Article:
Frontend vs Backend

Frontend vs Backend: Difference Between the Two

FindItMore | You might have heard about Frontend vs Backend within the context of building applications and wondered what exactly this means. While there’s some overlap in functionality, generally speaking, Frontend refers to the user interface (UI) of an application and the Backend handles the functions that don’t directly relate to the user experience, such as business logic or storing data on a server. So let’s take a look at what each of these components does and how they impact the overall development process.


What is the Frontend of the Application?

Frontend is one of three main parts of a typical web application. In some contexts, it may be used to refer specifically to all client-side code (HTML, CSS and JavaScript), or it may be used to refer to just that part of an application that interfaces with users via a user interface (UI). Other possibilities exist as well: in Rails-based development, the frontend designates not only the client-side of an application but also includes templates and views. Frontend deals with how a user interacts with your website. It’s typically associated with HTML, CSS and JavaScript files.


What is the Backend of the Application?

Backend development is a bit of a catch-all term for any programming that doesn’t focus on a user interface. Since front-end developers typically only think about how users will interact with an application, it can be helpful to have another perspective as well. That’s where backend development comes in. While backends are often more difficult to work with than frontends, they are generally more interesting and much more powerful; most non-trivial apps today would not be possible without strong backend technology.


Which Frontend Library Should You Use for Your Next Project?

There are plenty of options when it comes to choosing a frontend framework or library, with new ones popping up regularly and old ones constantly being updated. How can you decide which library you should use on your next project? Is it something that’s worth spending any time and energy on at all? Here’s an overview of the current frontend frameworks and libraries to help you make that decision.



A fast-growing frontend library, Vue.js is easy to learn and use and has a strong focus on performance and its own ecosystem of tools. It’s used by many top apps including Alibaba and GitLab, with great documentation available to help you get started. There are no official style guidelines yet, so it’s best used by people who have experience writing maintainable HTML and CSS. If you’re building something that needs to load quickly—or work in legacy browsers—Vue might be a good choice.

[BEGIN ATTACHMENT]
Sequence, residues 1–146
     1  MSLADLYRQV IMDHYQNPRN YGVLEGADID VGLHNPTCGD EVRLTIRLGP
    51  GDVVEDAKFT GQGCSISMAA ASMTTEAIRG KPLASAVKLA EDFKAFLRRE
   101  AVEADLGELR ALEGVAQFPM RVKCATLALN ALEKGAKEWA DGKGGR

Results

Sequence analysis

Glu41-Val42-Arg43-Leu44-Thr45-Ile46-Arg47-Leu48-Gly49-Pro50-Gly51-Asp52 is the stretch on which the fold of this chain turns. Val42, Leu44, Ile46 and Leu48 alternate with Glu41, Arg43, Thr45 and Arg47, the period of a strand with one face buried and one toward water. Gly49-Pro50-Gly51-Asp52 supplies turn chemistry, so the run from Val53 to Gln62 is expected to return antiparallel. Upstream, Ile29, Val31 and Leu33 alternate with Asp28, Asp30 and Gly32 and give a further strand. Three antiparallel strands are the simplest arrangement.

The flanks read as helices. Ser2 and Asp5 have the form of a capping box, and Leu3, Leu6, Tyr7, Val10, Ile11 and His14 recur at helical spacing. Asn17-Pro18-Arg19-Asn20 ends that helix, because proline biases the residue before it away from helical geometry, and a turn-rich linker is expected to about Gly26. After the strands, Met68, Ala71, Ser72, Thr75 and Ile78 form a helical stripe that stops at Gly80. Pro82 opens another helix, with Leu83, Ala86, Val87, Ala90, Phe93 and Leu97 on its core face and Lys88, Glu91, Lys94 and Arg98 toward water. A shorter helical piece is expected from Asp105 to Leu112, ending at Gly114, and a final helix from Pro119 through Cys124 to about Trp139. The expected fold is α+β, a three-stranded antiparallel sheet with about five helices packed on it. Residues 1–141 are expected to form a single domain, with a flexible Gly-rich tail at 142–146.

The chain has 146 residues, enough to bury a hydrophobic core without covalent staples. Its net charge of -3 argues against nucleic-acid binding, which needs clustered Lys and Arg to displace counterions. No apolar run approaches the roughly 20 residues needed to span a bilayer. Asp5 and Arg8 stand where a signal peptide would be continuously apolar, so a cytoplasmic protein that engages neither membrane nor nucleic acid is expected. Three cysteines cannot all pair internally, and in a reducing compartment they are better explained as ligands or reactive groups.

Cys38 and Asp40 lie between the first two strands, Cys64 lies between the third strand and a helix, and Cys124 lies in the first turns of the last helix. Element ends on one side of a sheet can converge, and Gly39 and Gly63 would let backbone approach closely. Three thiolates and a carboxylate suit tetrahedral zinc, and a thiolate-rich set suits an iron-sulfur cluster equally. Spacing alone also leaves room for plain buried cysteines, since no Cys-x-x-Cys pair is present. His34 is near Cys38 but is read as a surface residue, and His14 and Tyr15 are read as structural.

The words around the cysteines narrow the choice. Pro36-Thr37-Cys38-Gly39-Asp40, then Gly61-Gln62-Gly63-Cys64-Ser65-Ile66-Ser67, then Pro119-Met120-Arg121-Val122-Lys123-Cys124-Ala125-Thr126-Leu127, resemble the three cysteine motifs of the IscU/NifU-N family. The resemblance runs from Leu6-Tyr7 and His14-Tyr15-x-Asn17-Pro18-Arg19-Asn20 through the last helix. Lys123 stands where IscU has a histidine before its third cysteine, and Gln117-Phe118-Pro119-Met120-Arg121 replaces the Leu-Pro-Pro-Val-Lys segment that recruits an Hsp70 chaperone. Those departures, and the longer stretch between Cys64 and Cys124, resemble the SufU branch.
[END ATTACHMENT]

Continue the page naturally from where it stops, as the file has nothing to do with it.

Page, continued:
It’s hard to deny that React has become a major player in web development. While many developers preferred Angular, React has crept it’s way up through market share. It’s easy to use and easy to learn, making it a great choice for developers who want to quickly make something with front-end technology.



The popularity of Angular (the front-end framework) has been surging in recent years. Angular is well-liked by professional developers because it’s free, scalable, and well documented. As a result, many websites use Angular including NASA and YouTube. The main disadvantage to using Angular is that it takes some time to learn how to use it well; fortunately, there are plenty of books and tutorials available on how to learn how to work with Angular effectively. If you’re looking for something that runs smoothly and can handle large projects, go with angular as your next library.



The ambitious open-source initiative to create a library of reusable front-end components have arrived. It’s currently hosted by Google, but it’s built by a dedicated community and also features an impressive roster of launch partners including Mozilla, Microsoft, and Wix. The library itself isn’t quite stable yet (and is only really suitable for browsers that support web components), but it doesn’t look like that will be a major obstacle to widespread adoption.